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ARS Home » Southeast Area » Canal Point, Florida » Sugarcane Field Station » Research » Publications at this Location » Publication #268194

Title: Physiological Responses of Sugarcane to Orange Rust Infection

item Zhao, Duli
item Glynn, Neil
item Glaz, Barry
item Comstock, Jack
item Sood, Sushma

Submitted to: Sugar Journal
Publication Type: Abstract Only
Publication Acceptance Date: 5/8/2011
Publication Date: 6/8/2011
Citation: Zhao, D., Glynn, N.C., Glaz, B.S., Comstock, J.C., Sood, S.G. 2011. Physiological Responses of Sugarcane to Orange Rust Infection. Sugar Journal. 29.

Interpretive Summary:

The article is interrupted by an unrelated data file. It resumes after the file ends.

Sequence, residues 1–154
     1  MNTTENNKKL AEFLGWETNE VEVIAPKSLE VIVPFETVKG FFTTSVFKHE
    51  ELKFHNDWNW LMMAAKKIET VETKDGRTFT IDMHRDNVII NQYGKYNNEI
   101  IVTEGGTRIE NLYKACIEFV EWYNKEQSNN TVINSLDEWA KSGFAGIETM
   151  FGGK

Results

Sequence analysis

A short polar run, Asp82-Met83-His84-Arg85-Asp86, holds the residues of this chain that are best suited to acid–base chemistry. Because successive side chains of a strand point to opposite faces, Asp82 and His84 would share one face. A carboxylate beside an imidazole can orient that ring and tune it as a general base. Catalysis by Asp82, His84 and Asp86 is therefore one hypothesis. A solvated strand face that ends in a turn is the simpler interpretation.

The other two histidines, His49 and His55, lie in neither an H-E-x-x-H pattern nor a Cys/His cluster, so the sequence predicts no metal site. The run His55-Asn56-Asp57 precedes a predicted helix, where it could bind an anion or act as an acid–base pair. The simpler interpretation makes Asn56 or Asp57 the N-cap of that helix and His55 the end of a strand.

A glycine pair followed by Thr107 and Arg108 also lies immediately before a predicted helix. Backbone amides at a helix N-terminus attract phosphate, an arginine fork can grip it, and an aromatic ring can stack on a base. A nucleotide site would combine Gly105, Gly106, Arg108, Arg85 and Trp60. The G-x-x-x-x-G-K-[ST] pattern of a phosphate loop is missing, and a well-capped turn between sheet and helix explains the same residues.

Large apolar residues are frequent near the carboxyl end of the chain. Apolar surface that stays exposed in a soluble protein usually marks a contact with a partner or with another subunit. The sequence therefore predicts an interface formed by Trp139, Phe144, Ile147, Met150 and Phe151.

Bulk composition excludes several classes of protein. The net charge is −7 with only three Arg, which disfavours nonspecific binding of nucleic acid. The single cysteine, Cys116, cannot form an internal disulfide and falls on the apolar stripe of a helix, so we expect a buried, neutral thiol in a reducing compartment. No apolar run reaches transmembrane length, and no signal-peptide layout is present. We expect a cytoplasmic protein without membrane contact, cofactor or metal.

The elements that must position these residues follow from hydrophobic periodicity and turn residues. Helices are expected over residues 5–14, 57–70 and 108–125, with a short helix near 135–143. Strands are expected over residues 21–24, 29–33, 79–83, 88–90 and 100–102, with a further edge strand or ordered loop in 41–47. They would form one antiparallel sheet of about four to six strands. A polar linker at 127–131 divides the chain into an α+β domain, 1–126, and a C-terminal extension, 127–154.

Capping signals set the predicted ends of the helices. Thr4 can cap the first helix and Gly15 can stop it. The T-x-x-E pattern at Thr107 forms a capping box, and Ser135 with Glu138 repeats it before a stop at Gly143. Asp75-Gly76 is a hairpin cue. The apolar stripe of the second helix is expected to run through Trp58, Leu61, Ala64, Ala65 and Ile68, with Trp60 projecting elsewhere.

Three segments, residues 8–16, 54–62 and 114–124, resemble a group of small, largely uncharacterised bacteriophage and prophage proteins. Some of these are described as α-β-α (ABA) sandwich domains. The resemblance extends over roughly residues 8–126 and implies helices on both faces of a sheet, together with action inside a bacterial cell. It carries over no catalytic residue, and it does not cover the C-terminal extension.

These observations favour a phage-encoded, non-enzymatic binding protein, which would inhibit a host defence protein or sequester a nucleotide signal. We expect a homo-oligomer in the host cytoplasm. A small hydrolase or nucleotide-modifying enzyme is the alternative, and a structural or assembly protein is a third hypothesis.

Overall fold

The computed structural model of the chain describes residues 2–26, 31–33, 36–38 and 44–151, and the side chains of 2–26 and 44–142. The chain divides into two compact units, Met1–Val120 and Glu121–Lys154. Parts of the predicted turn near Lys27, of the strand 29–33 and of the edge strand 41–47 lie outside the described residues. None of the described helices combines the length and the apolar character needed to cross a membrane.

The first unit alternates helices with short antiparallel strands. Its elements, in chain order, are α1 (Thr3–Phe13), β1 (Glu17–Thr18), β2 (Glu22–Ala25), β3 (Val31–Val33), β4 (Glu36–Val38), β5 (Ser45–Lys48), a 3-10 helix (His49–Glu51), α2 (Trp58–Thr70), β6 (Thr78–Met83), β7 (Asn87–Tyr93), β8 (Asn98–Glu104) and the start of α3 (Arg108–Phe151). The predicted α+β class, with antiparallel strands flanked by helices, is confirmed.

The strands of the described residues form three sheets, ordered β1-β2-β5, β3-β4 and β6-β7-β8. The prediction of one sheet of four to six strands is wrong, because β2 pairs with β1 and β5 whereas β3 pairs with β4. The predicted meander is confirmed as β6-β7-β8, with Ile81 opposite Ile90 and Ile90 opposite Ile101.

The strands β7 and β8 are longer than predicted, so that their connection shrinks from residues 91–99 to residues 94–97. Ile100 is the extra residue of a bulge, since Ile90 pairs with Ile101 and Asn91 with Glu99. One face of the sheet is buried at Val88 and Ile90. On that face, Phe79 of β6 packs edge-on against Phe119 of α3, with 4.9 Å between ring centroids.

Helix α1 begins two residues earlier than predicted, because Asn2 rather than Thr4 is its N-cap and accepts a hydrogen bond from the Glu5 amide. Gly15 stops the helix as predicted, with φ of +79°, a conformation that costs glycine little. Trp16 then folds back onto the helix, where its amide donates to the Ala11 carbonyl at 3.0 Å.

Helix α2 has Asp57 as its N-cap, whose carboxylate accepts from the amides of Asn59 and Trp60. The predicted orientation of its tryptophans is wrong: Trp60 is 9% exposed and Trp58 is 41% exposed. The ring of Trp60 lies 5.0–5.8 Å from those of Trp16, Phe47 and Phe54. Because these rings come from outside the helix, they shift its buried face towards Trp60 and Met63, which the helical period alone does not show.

Technical Abstract: Sugarcane orange rust, caused by Puccinia kuehnii, is a relatively new disease in the United States that substantially reduces yields in susceptible sugarcane cultivars in Florida. The objective of this study was to determine physiological responses of sugarcane to orange rust infection by quantifying effects of the disease on leaf chlorophyll level (SPAD index), net photosynthetic rate, dark respiration, stomatal conductance, intercellular CO2 concentration, and the relationships between these leaf physiological traits and rust disease ratings. Treatments included four sugarcane cultivars (CP 72-2086, CP 88-1762, CP 89-2143, and CPCL 99-4455) and two rust inoculations (not inoculated and inoculated). Spores of orange rust were collected from infected leaves of field-grown sugarcane prior to inoculation. Plants growing in pots were inoculated with these field-collected orange rust spores using a leaf whorl inoculation method at the 5-leaf stage. A disease rating was assigned weekly using a scale from 0 to 4. At the same dates of rust assessment, SPAD index and photosynthetic components of the top visible dewlap (TVD) leaves were measured. About 4 weeks after inoculation, these measurements were taken on the rust infected and uninfected portions of inoculated leaves. No significant differences were detected between the non-inoculated and inoculated plants for any physiological variable, when measurements were taken on TVD leaves or uninfected portions of inoculated leaves. However, the rust infected portions of inoculated leaves showed significant reductions in SPAD index, stomatal conductance, leaf transpiration rate, and net photosynthetic rate at disease ratings = 2. The infected leaf portions with rust ratings of 4 had 43-47% less leaf SPAD index and net photosynthetic rate compared with the non-inoculated control. The rust infected portion of the inoculated leaves had increased intercellular CO2 concentration and dark respiration rate. Although leaf SPAD index, photosynthetic rate, stomatal conductance, and transpiration rate at the rust infected portion of the leaves decreased linearly with increased rust rating, the effect of orange rust on net photosynthetic rate was much greater than that on stomatal conductance and transpiration. Reduction in leaf photosynthesis by orange rust under low light was greater than that under high light intensity. These results help improve our understanding of orange rust etiology and the physiological bases of sugarcane yield loss caused by orange rust. The quantitative relationships between orange rust ratings and photosynthesis components could be used for modeling the impact of orange rust on leaf photosynthesis and plant growth in sugarcane